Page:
SpaceX Releases Video Of Reusable Rocket’s Soft Splashdown

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SpaceX Rocket Launch Elon Musk
Image Credit: SpaceX-Imagery / Pixabay

A new video demonstrates how close SpaceX is to having a truly reusable rocket. The video shows the Falcon 9 rocket splashing down in the ocean after it delivered six satellites in space. The splashdown happened on July 14 and was taken via a plane following the reentry and landing. Space.com posted the splashdown video, which is about a minute long.

SpaceX successfully brings Falcon 9 back

The video shows an angled decent followed by a firing of the rockets, which slow down the Falcon 9’s descent. Unfortunately the camera operator was unable to capture the “tip-over into the water,” according to the video description from SpaceX. That’s because the operator was trying to zoom in and ended up losing sight of the rocket stage.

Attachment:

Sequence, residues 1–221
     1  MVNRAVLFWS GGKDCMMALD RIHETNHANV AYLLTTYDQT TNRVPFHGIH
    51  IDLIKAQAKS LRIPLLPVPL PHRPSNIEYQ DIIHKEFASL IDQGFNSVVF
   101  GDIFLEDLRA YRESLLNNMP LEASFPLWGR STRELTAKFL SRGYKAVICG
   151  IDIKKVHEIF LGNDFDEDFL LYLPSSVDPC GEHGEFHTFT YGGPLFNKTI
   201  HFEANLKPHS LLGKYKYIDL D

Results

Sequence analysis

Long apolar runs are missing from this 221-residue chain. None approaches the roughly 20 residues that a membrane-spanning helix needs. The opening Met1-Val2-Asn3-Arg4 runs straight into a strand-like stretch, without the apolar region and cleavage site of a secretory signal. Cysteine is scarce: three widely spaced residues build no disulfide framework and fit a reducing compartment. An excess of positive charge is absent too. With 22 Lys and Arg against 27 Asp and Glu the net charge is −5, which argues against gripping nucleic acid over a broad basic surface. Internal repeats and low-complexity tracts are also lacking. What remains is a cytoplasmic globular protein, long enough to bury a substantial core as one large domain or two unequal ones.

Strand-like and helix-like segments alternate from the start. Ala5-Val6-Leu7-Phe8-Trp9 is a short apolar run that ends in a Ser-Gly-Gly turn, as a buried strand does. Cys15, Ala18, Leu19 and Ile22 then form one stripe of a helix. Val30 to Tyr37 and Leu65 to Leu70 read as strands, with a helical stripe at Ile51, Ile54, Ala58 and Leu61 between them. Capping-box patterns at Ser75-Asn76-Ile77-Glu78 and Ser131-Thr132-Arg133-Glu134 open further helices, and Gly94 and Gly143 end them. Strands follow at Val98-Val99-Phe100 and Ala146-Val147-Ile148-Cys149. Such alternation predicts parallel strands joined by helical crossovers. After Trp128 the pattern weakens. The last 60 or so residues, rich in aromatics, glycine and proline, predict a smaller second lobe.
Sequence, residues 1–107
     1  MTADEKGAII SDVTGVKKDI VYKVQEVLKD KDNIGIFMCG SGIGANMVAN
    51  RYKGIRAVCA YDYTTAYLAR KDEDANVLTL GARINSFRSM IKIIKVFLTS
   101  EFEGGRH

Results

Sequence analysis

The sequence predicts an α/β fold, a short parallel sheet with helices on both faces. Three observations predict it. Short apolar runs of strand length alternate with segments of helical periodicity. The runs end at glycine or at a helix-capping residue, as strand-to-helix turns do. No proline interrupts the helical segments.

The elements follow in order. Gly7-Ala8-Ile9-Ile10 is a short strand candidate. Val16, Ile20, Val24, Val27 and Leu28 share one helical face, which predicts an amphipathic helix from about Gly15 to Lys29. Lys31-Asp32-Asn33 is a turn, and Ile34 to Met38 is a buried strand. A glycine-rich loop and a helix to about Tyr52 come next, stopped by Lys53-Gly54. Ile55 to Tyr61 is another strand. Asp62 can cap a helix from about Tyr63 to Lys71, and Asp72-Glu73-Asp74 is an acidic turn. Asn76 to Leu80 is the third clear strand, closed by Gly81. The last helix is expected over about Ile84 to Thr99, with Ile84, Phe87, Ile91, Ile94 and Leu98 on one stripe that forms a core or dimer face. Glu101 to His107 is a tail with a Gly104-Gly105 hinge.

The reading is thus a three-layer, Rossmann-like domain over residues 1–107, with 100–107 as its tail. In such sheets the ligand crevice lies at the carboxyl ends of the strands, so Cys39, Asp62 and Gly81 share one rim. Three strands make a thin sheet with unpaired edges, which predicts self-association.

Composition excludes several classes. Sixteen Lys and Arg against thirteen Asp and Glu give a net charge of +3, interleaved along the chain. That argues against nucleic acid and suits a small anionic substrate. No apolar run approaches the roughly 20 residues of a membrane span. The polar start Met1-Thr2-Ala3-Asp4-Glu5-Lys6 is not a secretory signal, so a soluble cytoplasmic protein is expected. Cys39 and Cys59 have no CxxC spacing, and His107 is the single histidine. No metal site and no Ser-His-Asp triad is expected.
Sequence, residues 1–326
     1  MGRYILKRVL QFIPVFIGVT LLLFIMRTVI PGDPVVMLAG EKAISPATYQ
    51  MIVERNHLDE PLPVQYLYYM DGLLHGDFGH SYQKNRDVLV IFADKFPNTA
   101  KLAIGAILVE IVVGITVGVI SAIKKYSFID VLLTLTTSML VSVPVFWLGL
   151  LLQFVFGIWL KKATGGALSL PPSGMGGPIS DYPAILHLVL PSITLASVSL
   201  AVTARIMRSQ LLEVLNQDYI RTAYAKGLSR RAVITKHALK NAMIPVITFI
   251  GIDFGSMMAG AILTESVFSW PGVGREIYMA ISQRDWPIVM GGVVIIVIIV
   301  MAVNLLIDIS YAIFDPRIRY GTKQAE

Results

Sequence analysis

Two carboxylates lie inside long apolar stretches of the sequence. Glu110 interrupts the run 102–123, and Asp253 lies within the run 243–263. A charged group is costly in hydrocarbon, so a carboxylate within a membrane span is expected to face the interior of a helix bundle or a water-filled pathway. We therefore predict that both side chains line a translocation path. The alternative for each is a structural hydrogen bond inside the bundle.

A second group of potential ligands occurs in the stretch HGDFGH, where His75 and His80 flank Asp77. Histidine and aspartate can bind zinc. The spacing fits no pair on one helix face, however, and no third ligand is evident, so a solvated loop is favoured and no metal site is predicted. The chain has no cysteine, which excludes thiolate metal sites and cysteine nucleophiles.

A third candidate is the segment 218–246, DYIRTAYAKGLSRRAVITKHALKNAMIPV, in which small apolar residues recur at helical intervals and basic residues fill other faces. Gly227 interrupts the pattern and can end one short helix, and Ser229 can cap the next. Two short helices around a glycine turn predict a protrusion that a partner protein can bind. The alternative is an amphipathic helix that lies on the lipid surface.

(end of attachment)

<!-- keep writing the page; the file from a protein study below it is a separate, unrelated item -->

According to Discovery News, this is the second time SpaceX released a video of the successful rocket splashdown. The company also had additional footage from a camera that was onboard the Falcon 9. SpaceX scientists will now be able to use the data from the latest test and apply it to more tests in the future.

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The July landing was the company’s third attempt to bring a rocket back home. The first was in September 2013, and the second was in April. With each successive launch, scientists have been able to learn more about how to bring the rocket back safely.

SpaceX launches satellites

The Falcon 9 rocket that came back on July 14 was carrying six commercial satellites into space. After delivering its payload, it returned to Earth safely, demonstrating SpaceX’s success in making a rocket that can be reused. The rocket is the most expensive part of any space launch, so if it could be reused, then that would greatly reduce the price of space launches.

SpaceX CEO Elon Musk estimates that by reusing rockets, the cost of a launch could be reduced by up to a factor of 100. He has made it clear that he’s on a mission to get humans to outer space and even to colonize Mars.